No ‘Green Deal’ without pain

The green transition involves readjusting a global energy system - and that includes generating that energy, storing and transporting it

To European audiences who follow developments in the EU’s Council of Ministers and the European Parliament, the regional bloc’s Green Deal may often feel like a positive and a beneficial phenomenon that priorities green energy.

In Malta, we might experience it through initiatives that hasten the transition towards cleaner energy: in the form of solar or wind power, and electric cars.

But it is impossible to divorce this process towards carbon neutrality, from the underlying geopolitics of oil and gas – which will have to fuel the transition – as well the war in Ukraine, which is now the greatest driver of geopolitical risk.

Plans like REpowerEU want to accelerate the deployment of clean energy and green hydrogen; but the proposed timeframes are not helpful, in the context of an immediate energy crisis of the kind the world faces right now.

In terms of its effect on food-supply alone, the war in Ukraine now dwarfs the concerns previously experienced during the COVID-19 pandemic. Malta sources most of its wheat, corn and barley from Ukraine – and Russia, to a lesser extent – and importers are already struggling to keep up with price hikes.

In some instances, a one-litre bottle of edible oil has risen by as much as €1 over a matter of weeks; as exports from Ukraine, the world’s largest producer of sunflower oil, ground to a halt.

This has pushed prices of sunflower oil and alternatives up; and it is but one reflection out of many, of the food inflation that is currently biting hard into people’s pockets.

But there is also the energy crisis that Europe has to deal with. The green transition is not just about substituting one form of energy for another, overnight. It also involves readjusting a global energy system, that includes generating that energy, storing and transporting it – a process that will be inherently disruptive.

Europe was already paying high prices for its Russian gas. With its climate ambitions to keep planetary warming low, and reach net zero by 2050, the bloc cannot forgo the use of oil, gas and even coal during any recession.

This demand for hydrocarbons must be accompanied by a very necessary, intensive investment in clean energy – a very hard process, that gives Russia leverage - but it is also necessary that OPEC states, who have the supply of oil readily on hand, patch up the mismatches that Europe will encounter in the pace of transition.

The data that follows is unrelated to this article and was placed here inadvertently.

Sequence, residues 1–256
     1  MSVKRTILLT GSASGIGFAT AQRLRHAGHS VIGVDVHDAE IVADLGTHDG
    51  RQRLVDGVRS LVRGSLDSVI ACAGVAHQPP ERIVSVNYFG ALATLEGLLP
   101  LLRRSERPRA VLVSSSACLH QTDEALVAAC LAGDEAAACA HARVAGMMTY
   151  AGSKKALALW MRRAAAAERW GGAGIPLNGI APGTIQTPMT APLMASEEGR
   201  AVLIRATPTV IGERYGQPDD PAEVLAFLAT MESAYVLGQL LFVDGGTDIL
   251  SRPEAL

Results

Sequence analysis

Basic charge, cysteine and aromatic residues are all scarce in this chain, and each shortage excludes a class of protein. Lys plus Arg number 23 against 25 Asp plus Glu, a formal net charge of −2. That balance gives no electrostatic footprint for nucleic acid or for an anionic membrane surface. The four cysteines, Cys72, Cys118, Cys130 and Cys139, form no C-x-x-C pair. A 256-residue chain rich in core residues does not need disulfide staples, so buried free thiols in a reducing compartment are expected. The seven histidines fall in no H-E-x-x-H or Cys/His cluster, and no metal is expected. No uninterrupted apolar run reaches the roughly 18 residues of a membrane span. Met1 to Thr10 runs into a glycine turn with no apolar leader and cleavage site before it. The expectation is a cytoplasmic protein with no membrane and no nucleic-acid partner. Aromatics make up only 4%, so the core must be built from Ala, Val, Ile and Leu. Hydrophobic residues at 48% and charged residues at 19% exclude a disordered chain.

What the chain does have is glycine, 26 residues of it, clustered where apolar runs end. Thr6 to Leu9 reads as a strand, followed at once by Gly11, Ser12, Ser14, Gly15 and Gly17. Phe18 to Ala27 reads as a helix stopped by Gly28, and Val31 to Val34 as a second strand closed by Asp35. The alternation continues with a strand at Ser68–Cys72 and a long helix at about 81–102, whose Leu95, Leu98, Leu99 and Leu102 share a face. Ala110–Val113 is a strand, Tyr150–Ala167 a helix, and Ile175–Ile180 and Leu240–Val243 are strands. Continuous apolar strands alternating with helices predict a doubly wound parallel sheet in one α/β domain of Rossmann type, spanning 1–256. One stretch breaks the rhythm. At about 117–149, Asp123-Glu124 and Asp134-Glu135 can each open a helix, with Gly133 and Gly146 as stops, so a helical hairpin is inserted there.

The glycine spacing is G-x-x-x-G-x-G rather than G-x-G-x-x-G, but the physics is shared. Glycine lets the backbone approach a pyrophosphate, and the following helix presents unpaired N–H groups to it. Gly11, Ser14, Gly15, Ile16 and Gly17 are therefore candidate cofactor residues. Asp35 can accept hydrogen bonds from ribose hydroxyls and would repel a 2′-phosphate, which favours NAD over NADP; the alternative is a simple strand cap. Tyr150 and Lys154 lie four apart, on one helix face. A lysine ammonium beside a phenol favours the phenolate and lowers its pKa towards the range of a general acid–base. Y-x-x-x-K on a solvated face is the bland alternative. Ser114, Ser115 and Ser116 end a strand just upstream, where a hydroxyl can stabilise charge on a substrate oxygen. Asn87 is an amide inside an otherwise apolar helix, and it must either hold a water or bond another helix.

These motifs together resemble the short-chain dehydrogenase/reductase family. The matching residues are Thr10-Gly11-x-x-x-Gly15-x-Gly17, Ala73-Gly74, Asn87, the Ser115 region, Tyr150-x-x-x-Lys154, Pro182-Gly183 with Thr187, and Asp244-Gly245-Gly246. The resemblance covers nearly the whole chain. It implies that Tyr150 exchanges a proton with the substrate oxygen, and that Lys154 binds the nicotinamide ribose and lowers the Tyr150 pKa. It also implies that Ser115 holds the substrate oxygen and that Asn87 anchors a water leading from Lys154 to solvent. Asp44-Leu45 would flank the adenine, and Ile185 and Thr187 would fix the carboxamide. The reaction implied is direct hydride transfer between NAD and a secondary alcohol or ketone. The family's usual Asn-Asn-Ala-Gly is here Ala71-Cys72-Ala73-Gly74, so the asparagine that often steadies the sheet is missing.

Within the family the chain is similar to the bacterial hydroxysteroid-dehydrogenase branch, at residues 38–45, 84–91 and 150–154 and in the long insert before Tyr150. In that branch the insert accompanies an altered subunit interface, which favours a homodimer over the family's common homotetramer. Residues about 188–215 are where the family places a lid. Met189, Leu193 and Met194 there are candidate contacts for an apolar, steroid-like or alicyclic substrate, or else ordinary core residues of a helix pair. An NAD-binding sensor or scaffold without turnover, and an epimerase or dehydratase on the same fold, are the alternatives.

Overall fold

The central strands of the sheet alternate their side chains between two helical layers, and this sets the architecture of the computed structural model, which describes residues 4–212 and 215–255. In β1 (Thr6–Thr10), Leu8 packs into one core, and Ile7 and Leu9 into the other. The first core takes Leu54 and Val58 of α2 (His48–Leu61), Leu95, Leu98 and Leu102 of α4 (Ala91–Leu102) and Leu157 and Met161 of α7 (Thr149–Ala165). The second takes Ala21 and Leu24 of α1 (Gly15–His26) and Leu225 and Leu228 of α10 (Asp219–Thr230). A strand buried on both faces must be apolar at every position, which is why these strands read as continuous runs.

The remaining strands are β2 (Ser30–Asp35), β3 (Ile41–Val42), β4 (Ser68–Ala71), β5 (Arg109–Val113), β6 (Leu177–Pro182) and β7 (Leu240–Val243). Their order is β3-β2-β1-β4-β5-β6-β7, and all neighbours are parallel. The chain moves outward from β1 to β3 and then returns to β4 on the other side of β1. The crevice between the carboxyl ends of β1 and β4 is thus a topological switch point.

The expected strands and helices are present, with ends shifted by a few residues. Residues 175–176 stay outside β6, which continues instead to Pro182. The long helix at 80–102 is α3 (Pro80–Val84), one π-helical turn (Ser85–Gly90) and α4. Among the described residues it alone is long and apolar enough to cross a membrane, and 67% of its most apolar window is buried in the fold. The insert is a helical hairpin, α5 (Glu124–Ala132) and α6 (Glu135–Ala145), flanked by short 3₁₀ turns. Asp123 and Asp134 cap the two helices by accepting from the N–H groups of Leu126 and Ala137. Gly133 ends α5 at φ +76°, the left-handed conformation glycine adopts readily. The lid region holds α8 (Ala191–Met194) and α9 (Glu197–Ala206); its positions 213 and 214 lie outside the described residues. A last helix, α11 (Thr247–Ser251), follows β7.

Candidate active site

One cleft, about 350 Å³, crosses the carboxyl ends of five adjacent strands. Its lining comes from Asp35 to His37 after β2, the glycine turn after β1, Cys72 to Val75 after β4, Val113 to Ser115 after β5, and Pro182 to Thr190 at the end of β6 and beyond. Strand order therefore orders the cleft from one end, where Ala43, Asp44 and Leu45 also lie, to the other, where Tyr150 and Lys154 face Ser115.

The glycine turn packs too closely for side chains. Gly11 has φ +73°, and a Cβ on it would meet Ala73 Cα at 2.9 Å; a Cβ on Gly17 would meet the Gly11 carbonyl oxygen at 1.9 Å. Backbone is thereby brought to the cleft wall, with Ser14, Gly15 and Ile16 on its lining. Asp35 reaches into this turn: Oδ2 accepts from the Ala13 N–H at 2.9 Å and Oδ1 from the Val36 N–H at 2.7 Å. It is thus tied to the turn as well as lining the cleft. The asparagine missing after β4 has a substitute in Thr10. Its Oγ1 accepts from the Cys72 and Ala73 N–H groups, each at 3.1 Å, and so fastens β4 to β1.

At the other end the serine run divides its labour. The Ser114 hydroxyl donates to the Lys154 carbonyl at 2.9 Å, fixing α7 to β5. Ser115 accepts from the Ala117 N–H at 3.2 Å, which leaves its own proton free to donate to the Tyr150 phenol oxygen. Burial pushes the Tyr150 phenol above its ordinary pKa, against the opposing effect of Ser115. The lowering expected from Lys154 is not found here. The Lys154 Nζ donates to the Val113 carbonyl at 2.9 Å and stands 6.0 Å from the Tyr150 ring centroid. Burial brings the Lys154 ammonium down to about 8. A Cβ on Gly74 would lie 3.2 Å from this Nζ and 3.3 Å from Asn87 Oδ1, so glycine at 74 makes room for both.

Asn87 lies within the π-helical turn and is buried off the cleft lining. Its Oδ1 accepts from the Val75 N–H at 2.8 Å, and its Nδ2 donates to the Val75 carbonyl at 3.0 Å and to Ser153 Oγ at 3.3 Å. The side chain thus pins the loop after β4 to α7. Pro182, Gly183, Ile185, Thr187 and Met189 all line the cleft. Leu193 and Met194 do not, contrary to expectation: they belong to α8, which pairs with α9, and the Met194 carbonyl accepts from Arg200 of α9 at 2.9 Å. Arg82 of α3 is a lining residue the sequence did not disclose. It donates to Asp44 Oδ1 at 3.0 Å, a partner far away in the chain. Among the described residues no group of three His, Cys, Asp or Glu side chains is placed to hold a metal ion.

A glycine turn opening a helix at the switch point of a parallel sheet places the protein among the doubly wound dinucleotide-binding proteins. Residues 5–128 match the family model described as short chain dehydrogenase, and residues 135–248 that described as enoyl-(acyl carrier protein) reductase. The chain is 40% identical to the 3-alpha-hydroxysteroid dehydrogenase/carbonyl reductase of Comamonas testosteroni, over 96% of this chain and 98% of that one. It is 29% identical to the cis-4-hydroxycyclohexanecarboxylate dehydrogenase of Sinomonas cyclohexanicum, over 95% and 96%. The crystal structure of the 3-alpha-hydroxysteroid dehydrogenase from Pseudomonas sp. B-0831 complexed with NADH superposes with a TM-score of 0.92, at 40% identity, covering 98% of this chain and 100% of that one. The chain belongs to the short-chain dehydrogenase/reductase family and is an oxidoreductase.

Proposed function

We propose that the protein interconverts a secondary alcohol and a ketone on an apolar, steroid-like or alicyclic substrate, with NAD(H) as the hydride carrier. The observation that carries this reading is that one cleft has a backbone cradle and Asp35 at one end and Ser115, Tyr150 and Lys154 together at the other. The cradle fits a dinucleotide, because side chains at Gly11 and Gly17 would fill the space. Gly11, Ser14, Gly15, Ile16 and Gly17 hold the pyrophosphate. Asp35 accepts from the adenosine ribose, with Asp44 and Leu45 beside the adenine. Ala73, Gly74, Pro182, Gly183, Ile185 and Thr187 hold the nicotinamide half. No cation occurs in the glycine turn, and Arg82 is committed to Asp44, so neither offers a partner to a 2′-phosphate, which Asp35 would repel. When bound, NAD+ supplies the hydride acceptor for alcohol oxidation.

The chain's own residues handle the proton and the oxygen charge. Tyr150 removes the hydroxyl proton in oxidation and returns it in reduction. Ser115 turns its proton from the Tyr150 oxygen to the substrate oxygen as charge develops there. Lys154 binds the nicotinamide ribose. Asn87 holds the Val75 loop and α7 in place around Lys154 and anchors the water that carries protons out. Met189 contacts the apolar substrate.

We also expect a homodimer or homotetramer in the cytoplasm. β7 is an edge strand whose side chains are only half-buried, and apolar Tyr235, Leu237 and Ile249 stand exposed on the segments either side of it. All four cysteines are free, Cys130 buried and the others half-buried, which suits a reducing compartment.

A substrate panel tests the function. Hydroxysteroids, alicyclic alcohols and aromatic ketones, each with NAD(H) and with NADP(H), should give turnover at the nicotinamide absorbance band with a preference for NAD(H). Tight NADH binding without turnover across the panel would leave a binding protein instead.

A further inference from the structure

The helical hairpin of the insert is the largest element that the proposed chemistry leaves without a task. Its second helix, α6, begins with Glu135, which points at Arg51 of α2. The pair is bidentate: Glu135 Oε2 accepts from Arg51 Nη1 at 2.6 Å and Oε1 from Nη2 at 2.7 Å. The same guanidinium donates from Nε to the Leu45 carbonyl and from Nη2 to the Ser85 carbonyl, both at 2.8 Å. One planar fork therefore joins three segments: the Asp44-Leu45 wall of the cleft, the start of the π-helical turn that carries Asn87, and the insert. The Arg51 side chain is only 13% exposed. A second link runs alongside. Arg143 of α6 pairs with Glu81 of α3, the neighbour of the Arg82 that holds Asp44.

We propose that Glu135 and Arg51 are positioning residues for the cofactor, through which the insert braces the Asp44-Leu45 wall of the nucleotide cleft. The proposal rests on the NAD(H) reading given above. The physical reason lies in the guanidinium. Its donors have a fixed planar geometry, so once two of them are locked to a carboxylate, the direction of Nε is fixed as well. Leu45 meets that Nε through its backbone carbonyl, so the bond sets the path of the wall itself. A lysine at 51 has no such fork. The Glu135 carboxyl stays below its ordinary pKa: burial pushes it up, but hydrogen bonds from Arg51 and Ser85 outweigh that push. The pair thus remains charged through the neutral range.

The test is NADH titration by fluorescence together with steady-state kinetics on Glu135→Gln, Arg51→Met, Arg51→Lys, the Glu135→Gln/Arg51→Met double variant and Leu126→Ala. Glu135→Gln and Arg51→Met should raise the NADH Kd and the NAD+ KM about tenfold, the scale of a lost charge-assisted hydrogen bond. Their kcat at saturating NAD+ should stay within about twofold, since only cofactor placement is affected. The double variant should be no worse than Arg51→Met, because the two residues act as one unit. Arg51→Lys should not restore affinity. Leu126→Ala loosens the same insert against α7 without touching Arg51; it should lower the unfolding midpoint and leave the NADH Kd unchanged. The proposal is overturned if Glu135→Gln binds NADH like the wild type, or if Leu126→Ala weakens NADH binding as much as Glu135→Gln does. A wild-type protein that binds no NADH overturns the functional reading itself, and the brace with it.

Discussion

Europe has answered the call strongly to disentangle itself from the Russian energy relationship, because of a moral imperative not to fund the war. But this does not mean that Europe is also in favour of worsening the energy crisis at a time of ‘stagflation’ – slow growth and high inflation. For in that scenario, Russia only retains its high leverage.

Meanwhile, different viewpoints on the pain Europe can endure are already evident, by recent sanctions which separate pipeline oil imports from seaborne imports.

Even European Union energy commissioner Kadri Simson has suggested that a possible goal of sanctions would ultimately be to force Russia to offer its energy at a discount, therefore reducing revenues for the aggressor, and minimising pain for Europe.

Perhaps that is also why even the United States, whose president previously pledged to make Saudi Arabia a pariah for the murder of Jamal Khashoggi, is now visiting the country: demonstrating, in the process, how the U.S.-Saudi relationship remains crucial within the overarching debate on the energy crisis.

These ‘realpolitik’ concerns are not just matters for the political establishment to deal with. Perhaps, at its lowest level, it is for this reason that the Maltese – according to the latest Eurobarometer survey – are amongst the highest category (55%), fourth highest after Cyprus, Portugal and Bulgaria, to say they felt the consequences of the war in Ukraine; and that it had reduced their standard of living, much higher than the 40% European average.

Well over 71% of Maltese say they were not ready for increases in food and energy prices from the war on Ukraine, as opposed to the EU average of 40%.

And the Maltese (63%) preferred maintaining price stability “even if it affects the defence of our common European values” (EU 39%); but were less likely to favour defending freedom and democracy (32%) if it impacted cost of living (EU 59%).

In this, the Maltese were again the third highest in prioritising price stability, after Hungary and Bulgaria.

But findings like these should not be met only by the hackneyed phrase that the Maltese are ‘amoral’, when it comes to international relations. Surely, the distant events in Ukraine are manifesting themselves in a more financially impactful manner: while keeping the horror of war itself distant enough from the Maltese.

But it is perhaps this ‘distant’ view of the effect of the invasion that also chimes in with the realpolitik fears and concerns about the effects of sanctions, and how it impacts domestic politics.

For ultimately, it is not just the Maltese – or the Hungarians, or Bulgarians - who have to prioritise ‘price stability’, in the delicate balancing-act of war. All of Europe is now finding that it has to do the same thing.